BANGKOK, Thailand – Global protests will be staged and thousands of birthday cards sent to draw attention to the plight of Myanmar’s pro-democracy leader Aung San Suu Kyi, who turns 60 today – her 3,523rd day under military detention.
Isolated both from the outside world and her supporters at home, Suu Kyi is confined to a now dilapidated, two-story family house overgrown by jungle in the capital of Yangon. It is sealed off around the clock by security forces.
But the Nobel Peace Prize laureate – articulate and unquestionably brave – remains the great hope for those around the world seeking to end more than four decades of harsh military rule in her homeland, also known as Burma.
“We are trying to use the opportunity of Suu Kyi’s 60th birthday to galvanize public opinion and politicians into finally taking some action on Burma,” said Mark Farmaner, spokesman for the British-based Burma Campaign.
The birthday campaign is particularly important, he said, because lately interest in Suu Kyi’s plight has tapered off. “The international response has been quite pathetic since her latest arrest,” Farmaner said.
In a birthday wish to Suu Kyi, U.S. Secretary of State Condoleezza Rice wrote that her courage “in the face of the junta’s brutal repression and your continuing house arrest inspires people around the world.”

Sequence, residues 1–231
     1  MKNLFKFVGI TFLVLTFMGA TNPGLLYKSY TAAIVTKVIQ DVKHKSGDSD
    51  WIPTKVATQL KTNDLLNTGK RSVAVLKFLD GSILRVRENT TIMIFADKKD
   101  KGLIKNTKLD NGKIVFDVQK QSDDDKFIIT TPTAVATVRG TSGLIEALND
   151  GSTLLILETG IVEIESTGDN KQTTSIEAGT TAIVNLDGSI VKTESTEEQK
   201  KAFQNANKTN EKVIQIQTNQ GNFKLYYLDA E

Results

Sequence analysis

“The United States stands with you and all others in your struggle to free the Burmese people. We look forward to the day when you can celebrate your birthday in a democratic and free Burma where fundamental human rights are respected,” Rice added.
But little more than statements of concern followed Suu Kyi’s detention in May 2003 after a pro-government mob savagely attacked her car convoy in northern Myanmar, killing a number of her companions.
The democracy leader has been in detention for a total of 3,523 days since she was first put under house arrest in 1989, according to the campaign’s Web site.
The global birthday effort is modeled after the 1988 “Mandela at 70” campaign to free Nelson Mandela from imprisonment in apartheid-era South Africa.
Protests were scheduled at Myanmar embassies, and activists were to deliver 6,000 birthday cards at Yangon’s mission in Washington.
Irish musician Damien Rice will release “Unplayed Piano,” a song about what was one of Suu Kyi’s few pleasures under detention – until her piano broke down.
The muted response has led to a deterioration of conditions in Myanmar and greater isolation for the democracy activist than during her previous periods spent under house arrest, Farmaner said.
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